Bulawayo and Harare health care workers gain new skills on management of stress, anxiety and depression during the COVID-19 pandemic

Mazowe, Zimbabwe – “l really needed this training, as nurses we have just gone through a lot of emotional trauma during this COVID19 pandemic, including experiencing stigma from our colleagues as well as the community,” says Blessing Munjere, Sister in Charge at Sally Mugabe Central Hospital.

WHO Communication Department

In response to the plight of stressed health care workers on the frontline of Covid19 like Blessing, the Ministry of Health and Child Care (MoHCC), Mental Health (MH) Services Department with support from WHO has trained 84 health workers on MH and Psychosocial Support (MHPSS). The trainings focused on building capacity of health workers to provide patients with psychosocial support, deal with the issues of stress, discrimination and fear in dealing with COVID-19. The training also strengthened health worker’s ability to deal with issues of bereavement and copying with deaths of coworkers and relatives as well as identify signs of psychosocial/ mental problems amongst their colleagues.

Dr Sacrifice Chirisa, MoHCC, Mental Health Deputy Director said “the training was part of MoHCC efforts to decentralize MH services, by moving away from institution-based care, through strengthening care at primary health and community levels.”

When l was diagnosed with COVID19 in July, l went through a lot of physiological distress and it made me realize a lot of my colleagues were in the same predicament as me. And so, we had to come up with this training and ensure health care workers receive the emotional support they need to continue providing quality care for their patients,” he explained.

The workshop started with health care workers in Harare and Bulawayo because they have the highest number of COVID19 infections in Zimbabwe. The training was conducted in a phased approach, with 26 health workers from Harare trained between 15-16 October in Mazowe.  This was followed by 35 health workers trained in Bulawayo (21-22 October) and lastly 23 health care workers from Harare trained between 27-28 October in Mazowe.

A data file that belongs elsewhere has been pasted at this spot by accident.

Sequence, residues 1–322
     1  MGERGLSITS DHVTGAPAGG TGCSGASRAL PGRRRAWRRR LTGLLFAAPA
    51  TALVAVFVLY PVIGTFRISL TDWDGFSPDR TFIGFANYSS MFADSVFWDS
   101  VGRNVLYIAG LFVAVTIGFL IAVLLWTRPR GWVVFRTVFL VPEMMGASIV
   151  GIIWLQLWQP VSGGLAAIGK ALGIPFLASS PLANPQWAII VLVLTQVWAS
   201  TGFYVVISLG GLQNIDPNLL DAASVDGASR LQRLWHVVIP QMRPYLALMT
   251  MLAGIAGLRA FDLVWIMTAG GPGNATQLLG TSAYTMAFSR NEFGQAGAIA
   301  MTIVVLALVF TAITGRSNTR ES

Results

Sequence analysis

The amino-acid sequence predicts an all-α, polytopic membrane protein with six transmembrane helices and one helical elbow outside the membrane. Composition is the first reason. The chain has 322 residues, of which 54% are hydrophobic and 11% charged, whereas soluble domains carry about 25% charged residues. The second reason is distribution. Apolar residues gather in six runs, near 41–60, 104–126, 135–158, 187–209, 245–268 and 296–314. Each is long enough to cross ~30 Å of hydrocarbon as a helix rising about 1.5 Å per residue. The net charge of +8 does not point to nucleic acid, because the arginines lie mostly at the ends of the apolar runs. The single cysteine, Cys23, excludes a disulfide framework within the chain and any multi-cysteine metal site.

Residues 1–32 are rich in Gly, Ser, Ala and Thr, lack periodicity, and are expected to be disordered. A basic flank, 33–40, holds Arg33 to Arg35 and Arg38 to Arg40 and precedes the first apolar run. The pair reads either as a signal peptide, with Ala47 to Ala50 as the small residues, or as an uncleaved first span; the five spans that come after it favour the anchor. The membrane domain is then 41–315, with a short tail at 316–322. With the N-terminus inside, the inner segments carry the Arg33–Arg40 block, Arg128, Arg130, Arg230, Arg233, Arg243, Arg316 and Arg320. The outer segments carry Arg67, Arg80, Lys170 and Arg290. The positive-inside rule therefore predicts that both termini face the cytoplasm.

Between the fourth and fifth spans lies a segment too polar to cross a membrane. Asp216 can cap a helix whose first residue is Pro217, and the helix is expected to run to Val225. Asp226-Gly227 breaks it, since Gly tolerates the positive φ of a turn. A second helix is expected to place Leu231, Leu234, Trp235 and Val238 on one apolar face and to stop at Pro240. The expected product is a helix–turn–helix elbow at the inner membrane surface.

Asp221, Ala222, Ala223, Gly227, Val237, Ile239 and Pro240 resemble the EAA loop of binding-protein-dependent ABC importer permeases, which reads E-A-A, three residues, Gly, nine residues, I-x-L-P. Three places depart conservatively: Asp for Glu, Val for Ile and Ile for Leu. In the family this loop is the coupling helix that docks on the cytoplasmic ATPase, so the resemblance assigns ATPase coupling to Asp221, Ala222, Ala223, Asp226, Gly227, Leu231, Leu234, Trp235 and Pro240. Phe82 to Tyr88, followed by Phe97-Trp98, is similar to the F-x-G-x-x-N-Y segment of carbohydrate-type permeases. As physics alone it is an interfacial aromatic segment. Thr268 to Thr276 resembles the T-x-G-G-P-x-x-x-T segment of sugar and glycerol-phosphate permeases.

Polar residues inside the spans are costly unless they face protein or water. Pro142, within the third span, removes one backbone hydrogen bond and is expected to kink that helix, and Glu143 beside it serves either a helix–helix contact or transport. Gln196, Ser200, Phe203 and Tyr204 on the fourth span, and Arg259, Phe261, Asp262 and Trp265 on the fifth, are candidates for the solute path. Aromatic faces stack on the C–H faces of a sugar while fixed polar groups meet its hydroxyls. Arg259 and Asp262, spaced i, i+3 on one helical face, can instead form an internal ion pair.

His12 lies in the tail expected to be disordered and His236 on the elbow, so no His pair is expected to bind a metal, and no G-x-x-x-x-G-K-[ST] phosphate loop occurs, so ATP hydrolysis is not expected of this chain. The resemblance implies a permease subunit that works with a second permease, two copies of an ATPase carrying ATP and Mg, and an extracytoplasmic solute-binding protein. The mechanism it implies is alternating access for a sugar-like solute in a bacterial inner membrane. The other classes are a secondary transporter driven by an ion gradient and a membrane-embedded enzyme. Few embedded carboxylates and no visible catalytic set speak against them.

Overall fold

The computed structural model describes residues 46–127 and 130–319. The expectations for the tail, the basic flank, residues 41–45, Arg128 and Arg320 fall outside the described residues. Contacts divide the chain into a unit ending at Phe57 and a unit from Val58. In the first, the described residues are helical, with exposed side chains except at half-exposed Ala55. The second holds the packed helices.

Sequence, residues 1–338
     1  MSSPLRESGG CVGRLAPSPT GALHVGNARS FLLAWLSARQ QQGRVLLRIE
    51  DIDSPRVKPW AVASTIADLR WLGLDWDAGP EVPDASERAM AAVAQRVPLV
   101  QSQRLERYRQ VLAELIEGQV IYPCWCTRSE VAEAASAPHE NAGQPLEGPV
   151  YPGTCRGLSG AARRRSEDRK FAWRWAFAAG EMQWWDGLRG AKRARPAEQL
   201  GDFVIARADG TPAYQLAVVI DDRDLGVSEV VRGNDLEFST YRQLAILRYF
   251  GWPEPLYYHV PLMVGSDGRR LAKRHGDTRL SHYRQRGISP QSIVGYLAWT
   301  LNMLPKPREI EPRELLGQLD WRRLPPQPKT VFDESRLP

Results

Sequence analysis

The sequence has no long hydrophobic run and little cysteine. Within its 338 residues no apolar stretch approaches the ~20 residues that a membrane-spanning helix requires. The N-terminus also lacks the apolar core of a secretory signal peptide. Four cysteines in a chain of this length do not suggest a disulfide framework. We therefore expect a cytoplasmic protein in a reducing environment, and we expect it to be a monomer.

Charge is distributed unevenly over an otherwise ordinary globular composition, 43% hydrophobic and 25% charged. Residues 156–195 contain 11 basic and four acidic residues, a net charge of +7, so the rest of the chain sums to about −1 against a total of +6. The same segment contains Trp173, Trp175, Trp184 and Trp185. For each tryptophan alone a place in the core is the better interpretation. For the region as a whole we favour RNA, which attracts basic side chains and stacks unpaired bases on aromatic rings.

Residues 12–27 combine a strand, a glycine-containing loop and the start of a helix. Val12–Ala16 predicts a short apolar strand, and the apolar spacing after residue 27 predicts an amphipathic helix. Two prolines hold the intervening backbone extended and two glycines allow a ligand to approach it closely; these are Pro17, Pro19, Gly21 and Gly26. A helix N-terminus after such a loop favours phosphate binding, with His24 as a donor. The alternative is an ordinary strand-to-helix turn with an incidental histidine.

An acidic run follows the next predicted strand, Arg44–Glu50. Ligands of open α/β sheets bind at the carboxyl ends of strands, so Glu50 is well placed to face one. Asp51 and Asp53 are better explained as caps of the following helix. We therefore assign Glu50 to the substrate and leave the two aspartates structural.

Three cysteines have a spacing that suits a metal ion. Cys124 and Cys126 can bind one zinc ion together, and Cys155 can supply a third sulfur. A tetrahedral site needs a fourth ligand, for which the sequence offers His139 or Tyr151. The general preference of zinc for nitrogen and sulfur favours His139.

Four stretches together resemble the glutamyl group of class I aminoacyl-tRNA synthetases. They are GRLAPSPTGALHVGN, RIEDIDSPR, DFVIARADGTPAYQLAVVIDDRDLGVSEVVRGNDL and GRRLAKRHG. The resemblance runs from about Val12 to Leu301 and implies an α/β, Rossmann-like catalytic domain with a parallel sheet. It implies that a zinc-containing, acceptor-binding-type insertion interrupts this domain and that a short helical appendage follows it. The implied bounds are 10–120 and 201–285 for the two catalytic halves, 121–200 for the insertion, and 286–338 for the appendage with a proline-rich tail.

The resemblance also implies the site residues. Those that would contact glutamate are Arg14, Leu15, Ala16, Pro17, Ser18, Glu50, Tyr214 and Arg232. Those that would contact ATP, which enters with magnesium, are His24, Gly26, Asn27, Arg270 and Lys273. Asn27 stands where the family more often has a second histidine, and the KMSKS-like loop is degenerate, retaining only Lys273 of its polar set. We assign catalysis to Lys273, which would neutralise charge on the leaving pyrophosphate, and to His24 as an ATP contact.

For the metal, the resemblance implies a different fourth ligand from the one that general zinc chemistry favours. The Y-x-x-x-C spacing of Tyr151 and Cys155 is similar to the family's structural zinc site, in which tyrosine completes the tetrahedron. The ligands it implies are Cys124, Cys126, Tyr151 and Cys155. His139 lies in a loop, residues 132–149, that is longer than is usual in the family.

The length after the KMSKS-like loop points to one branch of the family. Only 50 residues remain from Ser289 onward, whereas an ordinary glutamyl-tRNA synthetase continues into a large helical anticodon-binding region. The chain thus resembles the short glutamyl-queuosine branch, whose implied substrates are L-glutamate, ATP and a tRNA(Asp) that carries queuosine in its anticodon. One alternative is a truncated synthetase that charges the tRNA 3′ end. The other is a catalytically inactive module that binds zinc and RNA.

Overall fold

Whilst the pandemic is affecting the communities, it has not spared health workers across Zimbabwe who have been on the frontline of caring for COVID19 patients and delivering essential health services during the pandemic.  As a result, health workers have been feeling the pressure and stress associated with the fear of being infected and infecting their loved ones at home.

For instance, 58 nurses resigned from their posts in the first 3 months of the pandemic as a result of fear, anxiety and physiological distress in Mashonaland Central. The workshop came at the right time as it focused on also taking care of health workers, who are often neglected especially during times of emergencies despite them facing stigma and discrimination in the communities they live in.

Moreover, Zimbabwe has significant MH needs yet it has less than 7 MH workers supporting more than 100 000 people. Although Zimbabwe developed a national MH policy, the availability of services is often limited to specialized institutions in capital cities such as Harare and Bulawayo.

Soon after the training the healthcare workers are expected to cascade their training down to the community level. This will enable more Zimbabweans to have access to MH services at community level as more health care workers now have the basic skills to provide MHPSS,” noted Dr Edmore Munongo, WHO Non-Communicable Diseases and Mental Health Technical officer.

In addition, the workshop adopted WHO, MH-Gap approach, a task sharing strategy where primary health care workers are trained and then supervised in managing common mental disorders. The latter, was done under WHO’s Universal Health Coverage and Emergencies Programs whose main objective is to achieve sustainable development goal 3, target 3.4 (reduce by one third premature mortality from non-communicable diseases through prevention and treatment and promote mental health and well-being by 2030).

In the context of COVID-19, WHO and other partners continue to support MoHCC include mental health care as part of continuity of essential health services and integrate MHPSS into primary care by providing psychosocial skills training for first responders.

 

 

 

 

 

 

 

 

 

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